Pam vs. Jim

Welcome to the Pregame Skate, a Five Minute Major Upgrade to Your Inbox

Quick Programming Announcement: Wednesday’s newsletter will be moved to Thursday to recap game seven and Friday’s newsletter will be moved to Sunday. Hit the comment button above to tell us who you think is going to win and why.

Pam vs. Jim

(Photo: NHL)

What’s Happening: Brad Marchand broke a four game goal-less drought and Brandon Carlo scored from the point for the Boston Bruins, who skated to a 5-1 victory against the Blues last night in Game #6 of the Stanley Cup finals.

Tell Me More: The Bruins top line finally came through, and they also received some help from Karson Kuhlman, who went bar-down midway through the third. Kuhlman replaced David Backes on the second line.

Hello Old Friend: The Bruins aren’t strangers to Game #7s—this will be their 27th all-time. They have a 14-12 record and clinched their 2011 Stanley Cup victory in a Game #7 against the Canucks, snapping their 39 year title drought. Basically, the B’s are experienced, but the Blues have been sharp on the road this post season, meaning we are in for a fun one Wednesday night.

Pam vs. Jim: Fans of hit TV show “The Office” will appreciate the beef between Pam (Jenna Fischer) and Jim (John Krasinski), who have both attended Stanley Cup finals games. Jenna is a loyal Blues fan, while John is rooting for the Bruins. The two went back and forth on Twitter ahead of Game #6, and we will be sure to follow their banter prior to Game #7.

This St. Louis newspaper is under scrutiny for jinxing the Blues…

A Giant Among Legends

What’s Happening: After reportedly breaking his jaw in Game #4, Zdeno Chara returned to the lineup the following game, joining an impressive list of hockey players who have played in the playoffs after sustaining devastating injuries. During Game #6, Chara played 22 minutes and scored a goal.

The 6’9” giant placed himself among these other legends who played with serious injuries…

  • Mario Lemieux broke his left hand after a well documented slash by Ryan Graves but returned in the conference finals. The Penguins went on to win the Stanley Cup, and “Super Mario” took home the Conn Smythe Trophy.

  • Goaltender Patrick Roy played with appendicitis in a losing effort in the first round of the 1994 playoffs.

  • Duncan Keith lost seven (!) teeth after a Patrick Marleau high stick during the 2010 playoffs.

  • Most recently, Flyers forward Sean Couturier played with a torn MCL during last year’s playoffs.

Dig Deeper: Greg Wyshynski, ESPN

Checkmate

What’s Happening: The Charlotte Checkers followed up a 51 win regular season with a 15-4 record in the playoffs, capturing the Calder Cup in suburban Chicago Saturday against the Wolves. This is the Checkers’ first AHL title.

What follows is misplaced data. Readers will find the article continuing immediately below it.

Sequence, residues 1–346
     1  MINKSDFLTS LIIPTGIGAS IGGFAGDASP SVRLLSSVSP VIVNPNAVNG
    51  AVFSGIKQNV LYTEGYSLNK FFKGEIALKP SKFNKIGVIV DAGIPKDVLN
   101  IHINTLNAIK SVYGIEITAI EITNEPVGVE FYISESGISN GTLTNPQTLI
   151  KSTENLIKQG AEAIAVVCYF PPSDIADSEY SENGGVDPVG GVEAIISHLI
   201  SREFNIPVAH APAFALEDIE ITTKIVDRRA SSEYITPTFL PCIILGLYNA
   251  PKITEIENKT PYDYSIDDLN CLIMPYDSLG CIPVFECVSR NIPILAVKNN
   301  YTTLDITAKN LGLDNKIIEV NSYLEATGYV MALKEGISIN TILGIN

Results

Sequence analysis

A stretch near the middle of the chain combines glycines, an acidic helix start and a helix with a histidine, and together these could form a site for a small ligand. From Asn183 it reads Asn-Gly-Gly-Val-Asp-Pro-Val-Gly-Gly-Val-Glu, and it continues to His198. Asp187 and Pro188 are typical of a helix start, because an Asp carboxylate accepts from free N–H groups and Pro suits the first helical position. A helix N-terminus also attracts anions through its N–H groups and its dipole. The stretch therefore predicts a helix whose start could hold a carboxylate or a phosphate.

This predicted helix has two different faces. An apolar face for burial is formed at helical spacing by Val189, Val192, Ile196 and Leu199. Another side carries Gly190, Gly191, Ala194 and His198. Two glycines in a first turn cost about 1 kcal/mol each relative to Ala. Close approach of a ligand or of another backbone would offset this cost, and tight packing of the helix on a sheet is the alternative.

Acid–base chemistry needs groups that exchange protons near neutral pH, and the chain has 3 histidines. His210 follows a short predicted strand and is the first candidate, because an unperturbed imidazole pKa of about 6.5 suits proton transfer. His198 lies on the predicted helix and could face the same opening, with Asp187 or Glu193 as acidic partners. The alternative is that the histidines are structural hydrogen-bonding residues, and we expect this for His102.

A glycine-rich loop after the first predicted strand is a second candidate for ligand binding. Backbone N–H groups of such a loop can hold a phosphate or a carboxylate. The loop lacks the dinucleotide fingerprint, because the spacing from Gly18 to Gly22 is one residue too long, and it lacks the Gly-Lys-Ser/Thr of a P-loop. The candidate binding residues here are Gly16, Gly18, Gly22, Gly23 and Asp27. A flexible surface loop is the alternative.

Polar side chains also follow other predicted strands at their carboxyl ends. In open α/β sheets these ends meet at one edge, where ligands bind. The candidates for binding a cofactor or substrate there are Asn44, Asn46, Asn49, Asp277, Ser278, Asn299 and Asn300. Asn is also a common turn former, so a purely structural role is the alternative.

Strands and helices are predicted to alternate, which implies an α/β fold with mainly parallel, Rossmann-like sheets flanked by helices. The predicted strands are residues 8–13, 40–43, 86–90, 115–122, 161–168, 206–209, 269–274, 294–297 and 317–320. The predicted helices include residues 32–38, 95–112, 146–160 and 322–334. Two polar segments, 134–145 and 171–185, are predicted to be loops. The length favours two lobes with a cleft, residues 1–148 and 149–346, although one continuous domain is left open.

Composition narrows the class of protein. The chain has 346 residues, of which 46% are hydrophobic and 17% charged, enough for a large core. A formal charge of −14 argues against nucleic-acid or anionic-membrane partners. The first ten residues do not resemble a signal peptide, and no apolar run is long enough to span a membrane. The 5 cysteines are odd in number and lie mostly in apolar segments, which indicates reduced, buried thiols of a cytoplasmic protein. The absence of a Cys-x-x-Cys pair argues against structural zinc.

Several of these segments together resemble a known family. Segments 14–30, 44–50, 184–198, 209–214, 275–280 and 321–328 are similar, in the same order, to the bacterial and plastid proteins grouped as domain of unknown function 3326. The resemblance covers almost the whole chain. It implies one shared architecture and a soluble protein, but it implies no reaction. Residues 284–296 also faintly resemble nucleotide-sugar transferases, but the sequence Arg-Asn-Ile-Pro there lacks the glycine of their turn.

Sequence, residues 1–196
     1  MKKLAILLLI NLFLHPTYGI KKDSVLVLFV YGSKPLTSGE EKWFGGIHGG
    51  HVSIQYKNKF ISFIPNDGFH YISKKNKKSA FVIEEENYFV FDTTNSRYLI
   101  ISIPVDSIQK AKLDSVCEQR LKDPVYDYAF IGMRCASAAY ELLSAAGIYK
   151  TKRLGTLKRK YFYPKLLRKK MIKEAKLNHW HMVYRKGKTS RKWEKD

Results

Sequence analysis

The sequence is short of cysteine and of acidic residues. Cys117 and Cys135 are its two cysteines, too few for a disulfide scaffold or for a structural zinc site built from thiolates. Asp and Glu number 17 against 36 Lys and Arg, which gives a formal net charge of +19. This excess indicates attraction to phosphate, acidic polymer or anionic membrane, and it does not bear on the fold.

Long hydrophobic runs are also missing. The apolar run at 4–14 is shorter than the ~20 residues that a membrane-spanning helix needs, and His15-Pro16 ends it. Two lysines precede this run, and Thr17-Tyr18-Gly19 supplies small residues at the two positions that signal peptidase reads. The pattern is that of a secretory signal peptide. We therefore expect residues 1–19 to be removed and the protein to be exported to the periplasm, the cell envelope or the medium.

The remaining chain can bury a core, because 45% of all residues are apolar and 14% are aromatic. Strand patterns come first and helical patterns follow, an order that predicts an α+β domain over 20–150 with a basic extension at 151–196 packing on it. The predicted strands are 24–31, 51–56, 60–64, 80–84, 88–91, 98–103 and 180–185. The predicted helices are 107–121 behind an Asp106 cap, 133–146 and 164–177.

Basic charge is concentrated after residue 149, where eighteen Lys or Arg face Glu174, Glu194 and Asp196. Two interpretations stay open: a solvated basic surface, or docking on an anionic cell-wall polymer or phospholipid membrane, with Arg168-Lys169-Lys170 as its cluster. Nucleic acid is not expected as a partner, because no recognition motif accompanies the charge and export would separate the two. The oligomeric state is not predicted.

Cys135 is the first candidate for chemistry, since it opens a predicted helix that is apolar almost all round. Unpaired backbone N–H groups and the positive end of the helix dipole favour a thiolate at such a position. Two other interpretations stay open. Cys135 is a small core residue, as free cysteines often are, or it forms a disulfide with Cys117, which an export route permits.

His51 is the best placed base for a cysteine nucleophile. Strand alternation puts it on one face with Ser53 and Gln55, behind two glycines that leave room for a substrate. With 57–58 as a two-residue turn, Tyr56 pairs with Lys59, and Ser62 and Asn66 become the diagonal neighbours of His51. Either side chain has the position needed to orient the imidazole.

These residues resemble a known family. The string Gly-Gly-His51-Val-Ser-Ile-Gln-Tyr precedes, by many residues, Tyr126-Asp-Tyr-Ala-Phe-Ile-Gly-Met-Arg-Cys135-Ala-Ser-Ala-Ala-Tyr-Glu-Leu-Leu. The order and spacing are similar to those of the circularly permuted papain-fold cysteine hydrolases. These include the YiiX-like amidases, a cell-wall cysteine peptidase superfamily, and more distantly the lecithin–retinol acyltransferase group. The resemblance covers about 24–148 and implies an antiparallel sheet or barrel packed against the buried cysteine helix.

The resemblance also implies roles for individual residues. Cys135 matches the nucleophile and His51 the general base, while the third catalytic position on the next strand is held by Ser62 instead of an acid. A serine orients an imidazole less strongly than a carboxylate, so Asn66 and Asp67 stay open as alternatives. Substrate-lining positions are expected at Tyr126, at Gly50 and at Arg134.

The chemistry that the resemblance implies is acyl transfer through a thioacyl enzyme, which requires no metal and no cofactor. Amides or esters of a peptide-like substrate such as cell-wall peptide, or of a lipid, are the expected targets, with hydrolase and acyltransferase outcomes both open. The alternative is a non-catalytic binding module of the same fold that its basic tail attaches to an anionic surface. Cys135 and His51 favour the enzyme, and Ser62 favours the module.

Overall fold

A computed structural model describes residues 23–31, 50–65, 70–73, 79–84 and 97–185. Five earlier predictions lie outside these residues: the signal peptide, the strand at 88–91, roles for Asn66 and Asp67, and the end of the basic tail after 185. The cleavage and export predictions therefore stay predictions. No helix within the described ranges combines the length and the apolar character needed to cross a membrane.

Tell Me More: Andrew Poturalski scored 12 goals during the playoffs for the Checkers—good enough to earn him the playoffs’ MVP award. Goaltender Alex Nedeljkovic was also key for Charlotte, as the netminder finished the post season with a 2.34 goals against average.

Why It Matters: Keep an eye out for many of these Checkers players moving forward—several of them could have a big impact on the NHL’s Hurricanes in the next five years. Morgan Geekie—who’s just 20 years old—could be a star in the making. The forward led all Checkers rookies in playoff points and scored the double overtime goal that sent Charlotte to the finals.

Dig Deeper: Steve Lyttle, The Charlotte Observer

Copping the Kelly Part Two

Celly Season—The Newfoundland Growlers took home the Kelly Cup in their inaugural season in the ECHL.

What’s Happening: Last week we reported on the dispute between the ECHL and the Colorado Eagles over the Kelly Cup—to jog your memory, the Eagles never returned the trophy after winning back-to-back championships from 2017-2018 before departing the league for the AHL. According to The Athletic’s Ryan S. Clark, there’s more to the story.

Let’s Get This Money: The underlying factor behind this dispute? 💰. Eagles owner Martin Lind says the ECHL not only left Colorado out of the 2017-2018 owner distributions, but they also owe him $175,000. The ECHL is claiming this money is an insurance letter of credit that will be returned in the future.

$500,000 in the red: Lind also accused the ECHL of some shady business in regards to selling the team’s spot in the league to another interested franchise. The Newfoundland Growlers, who just won the (brand new) Kelly Cup last week in their first season in the league, reportedly showed interest towards the end of 2017, but former ECHL Commissioner Brian McKenna decided to not share this information. Why it matters: Lind could have recovered his $500,000 exit fee he was forced to fork over to the ECHL and probably could have even made an extra $250,000 on top of that.

By the Numbers: Newfoundland paid the ECHL a $1 million expansion team fee ahead of this season, meaning the league pocketed an extra $1.5 million by not helping the Eagles sell directly to the Growlers. The ECHL, however, did have to spend a whopping $5,000 to build a new Kelly Cup.

The Bottom Line: It’s hard to say which side is right in this situation, but it’s clear that the Eagles kept the Kelly Cup to prove a point. What will Lind do with the trophy moving forward? He jokingly said, “I think eBay might be a good option. Because I don’t want it.”

More Links from the Rink

Wednesday June 12th: Stanley Cup Final Game #7

  • St. Louis Blues (C3) vs. Boston Bruins (A2) Wednesday, June 12, 8:00 p.m.: Blues @ Bruins | NBC | Series tied 3-3